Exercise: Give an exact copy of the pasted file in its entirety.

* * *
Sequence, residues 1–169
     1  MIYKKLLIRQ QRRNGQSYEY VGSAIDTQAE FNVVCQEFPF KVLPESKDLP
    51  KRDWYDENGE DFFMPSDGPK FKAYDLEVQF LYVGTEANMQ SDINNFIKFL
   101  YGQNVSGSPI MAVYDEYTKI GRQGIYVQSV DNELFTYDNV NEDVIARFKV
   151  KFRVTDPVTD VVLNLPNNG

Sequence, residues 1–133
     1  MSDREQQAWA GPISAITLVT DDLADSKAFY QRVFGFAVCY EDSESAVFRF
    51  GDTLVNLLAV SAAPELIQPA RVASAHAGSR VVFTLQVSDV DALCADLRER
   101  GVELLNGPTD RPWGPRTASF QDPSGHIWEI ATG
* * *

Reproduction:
Sequence, residues 1–169
     1  MIYKKLLIRQ QRRNGQSYEY VGSAIDTQAE FNVVCQEFPF KVLPESKDLP
    51  KRDWYDENGE DFFMPSDGPK FKAYDLEVQF LYVGTEANMQ SDINNFIKFL
   101  YGQNVSGSPI MAVYDEYTKI GRQGIYVQSV DNELFTYDNV NEDVIARFKV
   151  KFRVTDPVTD VVLNLPNNG

Sequence, residues 1–133
     1  MSDREQQAWA GPISAITLVT DDLADSKAFY QRVFGFAVCY EDSESAVFRF
    51  GDTLVNLLAV SAAPELIQPA RVASAHAGSR VVFTLQVSDV DALCADLRER
   101  GVELLNGPTD RPWGPRTASF QDPSGHIWEI ATG